Varchi’s writing encompasses, in true Renaissance fashion, a wide variety of genres and forms, both fictional and nonfictional: lyric and pastoral poetry, comic theater, translations from Latin and Greek texts, literary commentary and editing, artistic theory, commemorative oration, dialogue, philology, and history. His major work, the Storia fiorentina (wr. 1547, pub. 1721; Florentine history), was commissioned by his patron, Cosimo de’ Medici, ruler of Florence. Its 16 short books take the form of a series of essays commenting on the period from 1527 to 1538. They have been judged harshly by some for their praise of Cosimo and his family, said to be dictated by the writer’s position as a Medici courtier and dependent. Varchi’s admiration for his benefactor, however, can also be seen as an expression of the general esteem in which Cosimo was held by 16thcentury humanists for his wide culture, his patronage of the arts, and his undoubted and muchprized quality of virtù (energy). Whatever the case, the Storia is a work of conscientious and systematic research demonstrating that concern of Renaissance historians, first found in Petrarch and illustrated later in contemporaries of Varchi such as Machiavelli and Guicciardini, not merely to trust received views or accept what previous historians had written, but to use and check evidence from a full range of sources: histories, chronicles, private memoirs, official documents, and, in Varchi’s case, personal knowledge and experience of facts and individuals. But while from this angle the Storia bears favorable comparison with the work of Varchi’s more illustrious contemporaries, and is indeed itself a useful historical source book, it lacks the theoretical framework, the evaluative vigor and the wider European or at least pan-Italian dimension to be found in the writing of, say, Machiavelli. Yet this makes it more of an “open” work, engaging more with the reader than other similar works of the period. Its alternations between, on the one hand, well-marshaled fact and analysis and, on the other, accumulations of events and opinions which seem to tumble out without order, hierarchy, or stylistic unity make it a hybrid more typical of earlier Renaissance historiography. At the same time—and this too raises questions in the mind of the reader—it can tend toward the mere emdition or chronicle characteristic of later Counter-Reformation writers such as Vincenzo Borghini or Scipione Ammirato.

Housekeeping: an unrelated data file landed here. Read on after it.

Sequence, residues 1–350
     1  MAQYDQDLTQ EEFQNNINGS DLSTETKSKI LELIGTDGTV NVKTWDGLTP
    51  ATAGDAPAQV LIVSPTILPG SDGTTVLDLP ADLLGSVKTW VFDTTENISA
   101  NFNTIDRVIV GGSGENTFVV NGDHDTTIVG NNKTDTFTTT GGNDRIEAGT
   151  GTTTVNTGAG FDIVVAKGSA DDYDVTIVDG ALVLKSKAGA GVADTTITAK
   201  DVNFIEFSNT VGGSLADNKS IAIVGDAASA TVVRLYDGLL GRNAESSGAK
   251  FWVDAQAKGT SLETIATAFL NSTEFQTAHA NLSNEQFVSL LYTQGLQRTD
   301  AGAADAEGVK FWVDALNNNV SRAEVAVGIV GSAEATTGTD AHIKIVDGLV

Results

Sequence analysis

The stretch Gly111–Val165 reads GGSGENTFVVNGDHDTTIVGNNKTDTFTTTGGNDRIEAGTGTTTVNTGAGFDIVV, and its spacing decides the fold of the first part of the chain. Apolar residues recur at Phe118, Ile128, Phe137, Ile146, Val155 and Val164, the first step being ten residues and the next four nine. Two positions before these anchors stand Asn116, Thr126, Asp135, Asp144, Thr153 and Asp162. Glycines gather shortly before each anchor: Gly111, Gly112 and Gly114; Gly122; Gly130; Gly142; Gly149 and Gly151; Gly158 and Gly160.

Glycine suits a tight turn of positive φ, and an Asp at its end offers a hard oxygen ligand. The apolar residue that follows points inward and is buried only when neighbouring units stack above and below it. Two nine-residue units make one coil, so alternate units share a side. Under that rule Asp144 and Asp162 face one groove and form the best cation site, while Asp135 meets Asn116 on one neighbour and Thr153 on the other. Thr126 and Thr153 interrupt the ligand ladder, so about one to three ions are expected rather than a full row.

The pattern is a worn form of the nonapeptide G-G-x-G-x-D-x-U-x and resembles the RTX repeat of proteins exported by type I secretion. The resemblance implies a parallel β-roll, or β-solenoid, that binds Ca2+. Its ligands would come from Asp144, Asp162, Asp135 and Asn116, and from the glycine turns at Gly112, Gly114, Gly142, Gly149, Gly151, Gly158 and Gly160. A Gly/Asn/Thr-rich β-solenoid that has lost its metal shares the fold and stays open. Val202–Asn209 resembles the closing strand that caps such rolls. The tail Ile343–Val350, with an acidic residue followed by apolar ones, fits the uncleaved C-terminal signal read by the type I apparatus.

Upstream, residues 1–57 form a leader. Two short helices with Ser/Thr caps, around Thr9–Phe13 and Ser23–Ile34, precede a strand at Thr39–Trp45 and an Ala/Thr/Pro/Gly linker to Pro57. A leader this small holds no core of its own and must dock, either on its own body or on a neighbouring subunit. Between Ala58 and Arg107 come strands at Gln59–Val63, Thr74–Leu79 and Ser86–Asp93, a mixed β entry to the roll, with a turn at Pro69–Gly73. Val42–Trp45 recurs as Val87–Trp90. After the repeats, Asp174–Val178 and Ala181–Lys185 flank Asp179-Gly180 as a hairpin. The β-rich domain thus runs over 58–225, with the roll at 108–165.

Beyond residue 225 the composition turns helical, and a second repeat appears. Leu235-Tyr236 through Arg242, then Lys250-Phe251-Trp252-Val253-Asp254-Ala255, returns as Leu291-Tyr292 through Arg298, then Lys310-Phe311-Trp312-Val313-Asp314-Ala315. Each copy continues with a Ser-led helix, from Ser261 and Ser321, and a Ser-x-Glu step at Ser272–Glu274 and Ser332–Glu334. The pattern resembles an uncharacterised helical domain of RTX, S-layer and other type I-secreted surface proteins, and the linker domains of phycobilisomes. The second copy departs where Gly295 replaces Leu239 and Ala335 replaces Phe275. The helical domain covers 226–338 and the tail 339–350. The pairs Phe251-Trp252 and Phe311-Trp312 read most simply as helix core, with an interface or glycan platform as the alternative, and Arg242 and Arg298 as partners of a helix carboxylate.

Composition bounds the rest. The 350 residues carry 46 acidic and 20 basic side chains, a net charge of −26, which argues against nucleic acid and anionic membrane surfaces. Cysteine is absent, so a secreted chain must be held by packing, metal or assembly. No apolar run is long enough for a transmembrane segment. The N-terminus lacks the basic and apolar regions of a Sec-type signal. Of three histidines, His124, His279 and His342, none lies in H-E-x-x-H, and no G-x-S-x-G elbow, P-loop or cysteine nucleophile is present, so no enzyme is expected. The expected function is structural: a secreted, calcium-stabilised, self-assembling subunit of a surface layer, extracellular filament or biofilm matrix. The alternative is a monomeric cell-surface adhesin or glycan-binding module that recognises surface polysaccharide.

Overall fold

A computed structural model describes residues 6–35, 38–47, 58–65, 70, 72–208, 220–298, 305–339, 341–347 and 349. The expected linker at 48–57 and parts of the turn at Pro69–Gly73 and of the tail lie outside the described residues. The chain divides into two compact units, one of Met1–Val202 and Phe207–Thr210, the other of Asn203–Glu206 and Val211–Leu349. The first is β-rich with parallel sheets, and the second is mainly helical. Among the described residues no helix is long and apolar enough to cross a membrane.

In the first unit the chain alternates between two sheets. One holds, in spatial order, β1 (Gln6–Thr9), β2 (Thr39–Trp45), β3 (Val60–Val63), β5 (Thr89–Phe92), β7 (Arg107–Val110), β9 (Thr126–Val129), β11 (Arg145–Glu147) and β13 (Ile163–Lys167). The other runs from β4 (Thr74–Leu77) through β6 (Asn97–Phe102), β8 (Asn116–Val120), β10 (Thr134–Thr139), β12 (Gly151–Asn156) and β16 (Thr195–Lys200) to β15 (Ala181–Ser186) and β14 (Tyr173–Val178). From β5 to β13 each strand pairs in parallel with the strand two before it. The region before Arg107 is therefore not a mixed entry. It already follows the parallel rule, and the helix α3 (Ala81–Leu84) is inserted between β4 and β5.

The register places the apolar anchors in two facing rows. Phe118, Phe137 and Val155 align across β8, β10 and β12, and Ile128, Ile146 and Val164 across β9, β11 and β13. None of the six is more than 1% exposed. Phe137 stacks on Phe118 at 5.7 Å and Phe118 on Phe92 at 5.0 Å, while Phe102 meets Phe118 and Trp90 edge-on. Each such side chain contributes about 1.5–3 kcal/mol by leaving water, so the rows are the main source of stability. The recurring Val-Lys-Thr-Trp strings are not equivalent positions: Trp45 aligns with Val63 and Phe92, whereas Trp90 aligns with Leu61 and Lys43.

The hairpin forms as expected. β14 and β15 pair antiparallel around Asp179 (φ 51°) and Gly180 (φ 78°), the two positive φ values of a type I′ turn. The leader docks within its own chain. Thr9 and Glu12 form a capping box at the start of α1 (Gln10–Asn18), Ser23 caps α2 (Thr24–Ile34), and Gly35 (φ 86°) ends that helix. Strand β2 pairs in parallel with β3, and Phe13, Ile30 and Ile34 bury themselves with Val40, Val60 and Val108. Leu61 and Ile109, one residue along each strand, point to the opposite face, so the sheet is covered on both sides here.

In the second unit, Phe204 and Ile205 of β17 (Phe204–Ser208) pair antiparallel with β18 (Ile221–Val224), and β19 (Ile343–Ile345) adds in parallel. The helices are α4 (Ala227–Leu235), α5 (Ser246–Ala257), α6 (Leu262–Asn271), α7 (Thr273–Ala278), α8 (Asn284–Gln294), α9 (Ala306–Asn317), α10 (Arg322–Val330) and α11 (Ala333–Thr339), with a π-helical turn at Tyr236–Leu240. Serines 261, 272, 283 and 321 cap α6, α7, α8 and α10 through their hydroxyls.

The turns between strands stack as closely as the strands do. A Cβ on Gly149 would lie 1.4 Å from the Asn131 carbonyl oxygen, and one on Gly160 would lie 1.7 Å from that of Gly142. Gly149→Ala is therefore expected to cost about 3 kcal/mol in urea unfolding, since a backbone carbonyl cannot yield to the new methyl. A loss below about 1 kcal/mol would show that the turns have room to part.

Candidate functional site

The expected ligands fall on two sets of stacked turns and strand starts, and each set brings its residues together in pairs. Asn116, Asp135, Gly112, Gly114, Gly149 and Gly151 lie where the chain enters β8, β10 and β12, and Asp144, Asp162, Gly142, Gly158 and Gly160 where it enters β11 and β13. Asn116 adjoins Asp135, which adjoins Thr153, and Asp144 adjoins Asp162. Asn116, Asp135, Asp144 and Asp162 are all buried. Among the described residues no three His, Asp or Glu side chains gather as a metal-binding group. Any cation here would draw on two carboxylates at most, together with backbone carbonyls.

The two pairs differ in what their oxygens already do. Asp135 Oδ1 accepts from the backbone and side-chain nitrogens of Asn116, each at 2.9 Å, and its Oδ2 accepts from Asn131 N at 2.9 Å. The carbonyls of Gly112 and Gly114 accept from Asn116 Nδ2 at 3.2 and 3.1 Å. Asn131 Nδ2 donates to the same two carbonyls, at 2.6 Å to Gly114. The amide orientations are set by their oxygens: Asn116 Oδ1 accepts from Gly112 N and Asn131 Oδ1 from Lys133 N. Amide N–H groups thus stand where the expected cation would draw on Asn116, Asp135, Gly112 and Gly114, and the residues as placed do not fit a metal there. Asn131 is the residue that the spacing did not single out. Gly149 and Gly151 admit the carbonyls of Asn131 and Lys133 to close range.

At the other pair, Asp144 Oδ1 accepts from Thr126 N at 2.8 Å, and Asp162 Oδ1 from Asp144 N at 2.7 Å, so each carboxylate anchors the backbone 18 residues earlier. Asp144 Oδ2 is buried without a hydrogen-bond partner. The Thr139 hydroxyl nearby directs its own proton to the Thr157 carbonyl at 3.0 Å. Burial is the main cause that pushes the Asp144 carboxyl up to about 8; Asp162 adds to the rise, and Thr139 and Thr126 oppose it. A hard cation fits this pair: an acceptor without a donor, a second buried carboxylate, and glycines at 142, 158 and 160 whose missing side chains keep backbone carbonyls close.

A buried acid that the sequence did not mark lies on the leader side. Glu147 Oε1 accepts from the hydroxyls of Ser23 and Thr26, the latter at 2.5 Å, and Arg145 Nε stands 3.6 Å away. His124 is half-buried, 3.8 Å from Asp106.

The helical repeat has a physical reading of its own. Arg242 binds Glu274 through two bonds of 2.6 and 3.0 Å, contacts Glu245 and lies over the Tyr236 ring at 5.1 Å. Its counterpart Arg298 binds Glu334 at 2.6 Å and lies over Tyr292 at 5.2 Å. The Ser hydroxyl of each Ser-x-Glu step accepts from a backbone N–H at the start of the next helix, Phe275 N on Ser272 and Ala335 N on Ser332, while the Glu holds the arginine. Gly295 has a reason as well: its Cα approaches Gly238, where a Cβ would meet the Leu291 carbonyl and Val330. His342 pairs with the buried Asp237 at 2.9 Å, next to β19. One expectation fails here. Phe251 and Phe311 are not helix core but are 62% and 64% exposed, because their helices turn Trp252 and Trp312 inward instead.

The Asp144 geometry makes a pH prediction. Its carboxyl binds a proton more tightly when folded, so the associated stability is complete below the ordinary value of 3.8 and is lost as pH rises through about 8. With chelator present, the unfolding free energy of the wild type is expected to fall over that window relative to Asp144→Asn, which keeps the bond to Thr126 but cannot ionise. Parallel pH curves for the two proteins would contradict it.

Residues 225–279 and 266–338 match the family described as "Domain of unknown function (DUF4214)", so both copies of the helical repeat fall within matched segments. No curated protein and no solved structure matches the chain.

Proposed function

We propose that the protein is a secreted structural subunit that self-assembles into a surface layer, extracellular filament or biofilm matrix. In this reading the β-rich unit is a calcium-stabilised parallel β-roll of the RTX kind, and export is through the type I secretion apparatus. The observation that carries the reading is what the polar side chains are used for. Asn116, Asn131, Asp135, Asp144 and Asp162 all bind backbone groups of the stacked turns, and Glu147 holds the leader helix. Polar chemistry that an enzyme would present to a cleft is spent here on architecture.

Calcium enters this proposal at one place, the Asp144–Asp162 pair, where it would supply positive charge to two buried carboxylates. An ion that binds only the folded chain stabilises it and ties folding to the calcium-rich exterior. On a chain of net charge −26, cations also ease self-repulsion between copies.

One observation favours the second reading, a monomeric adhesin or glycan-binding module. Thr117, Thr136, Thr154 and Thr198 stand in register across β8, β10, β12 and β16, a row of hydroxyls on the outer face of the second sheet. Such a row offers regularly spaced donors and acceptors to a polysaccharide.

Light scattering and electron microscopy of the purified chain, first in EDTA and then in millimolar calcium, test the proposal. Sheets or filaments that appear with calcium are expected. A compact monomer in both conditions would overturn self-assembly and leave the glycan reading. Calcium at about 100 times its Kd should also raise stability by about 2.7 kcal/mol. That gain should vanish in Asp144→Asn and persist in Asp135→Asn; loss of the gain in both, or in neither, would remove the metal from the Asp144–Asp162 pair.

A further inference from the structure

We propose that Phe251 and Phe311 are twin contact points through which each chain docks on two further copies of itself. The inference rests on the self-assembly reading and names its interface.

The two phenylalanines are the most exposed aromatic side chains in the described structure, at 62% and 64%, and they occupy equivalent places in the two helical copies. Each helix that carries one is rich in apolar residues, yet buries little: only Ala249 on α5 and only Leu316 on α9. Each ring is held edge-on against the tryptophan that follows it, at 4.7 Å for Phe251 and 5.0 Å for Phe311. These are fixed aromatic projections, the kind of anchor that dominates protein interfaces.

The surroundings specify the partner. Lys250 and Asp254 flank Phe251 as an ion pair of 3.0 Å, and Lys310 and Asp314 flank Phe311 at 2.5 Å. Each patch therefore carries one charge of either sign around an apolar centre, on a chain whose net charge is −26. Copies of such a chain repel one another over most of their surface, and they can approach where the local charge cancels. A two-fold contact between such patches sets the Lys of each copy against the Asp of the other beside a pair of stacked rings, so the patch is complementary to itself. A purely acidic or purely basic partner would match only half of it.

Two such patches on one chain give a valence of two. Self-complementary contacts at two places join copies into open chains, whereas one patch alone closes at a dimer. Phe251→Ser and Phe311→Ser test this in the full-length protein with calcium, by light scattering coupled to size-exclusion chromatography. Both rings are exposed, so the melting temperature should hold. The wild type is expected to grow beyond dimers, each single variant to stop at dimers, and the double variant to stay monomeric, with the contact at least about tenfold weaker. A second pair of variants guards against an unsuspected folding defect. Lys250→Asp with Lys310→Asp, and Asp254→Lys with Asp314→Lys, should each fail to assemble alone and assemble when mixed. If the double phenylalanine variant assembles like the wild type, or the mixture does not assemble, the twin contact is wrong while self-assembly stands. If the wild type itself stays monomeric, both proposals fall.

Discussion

In these historical essays Varchi is something of a transition figure between Renaissance and Counter-Reformation, and indeed a marked hostility to certain aspects of the spirit of the Counter-Reformation is to be found in the aversion to clerical involvement in politics very forcefully expressed in the Storia. In contrast, his essay work on artistic theory shows that in this area he had to a large extent completed the transition from the Platonist eclecticism characteristic of Renaissance artistic thought to the more rigid Aristotelian conventions of the new era, which divided learning into the two distinct categories of art and science and further insisted on the division of art into discrete forms and genres, each governed by its own rules and proprieties. His Due lezzioni (1549; Two lectures), initially delivered to the Accademia Fiorentina in 1546, consist of a pedestrian analysis of a Michelangelo sonnet followed by a somewhat sterile discussion on which of the two artistic forms, painting and sculpture, holds primacy over the other, leading Baxter Hathaway (1962) to describe Varchi as “one of the more timid and unoriginal of the Aristotelians.” His Orazione funerale…nell’essequie di Michelangelo Buonarroti (1564; Funeral oration for Michelangelo) is, in its expression, equally illustrative of the rhetorical excess which characterized the Counter-Reformation, the oration form being, as Peter M.Brown (1974) puts it, “thoroughly decadent, the plaything of erudition and of the pedestrian rhetoric of the letterato.” However, it would be wrong to see his Aristotelianism, of which he was, in Umberto Pirotti’s words, “a clear and elegant popularizer,” as entirely formal and monolithic, since, as his collected lectures on philosophy and aesthetics published in 1590 (Lezzioni) show, his theorizing raises significant contradictions between intellect and religious dogma, even if, like most of his contemporaries, he then leaves them serenely unresolved.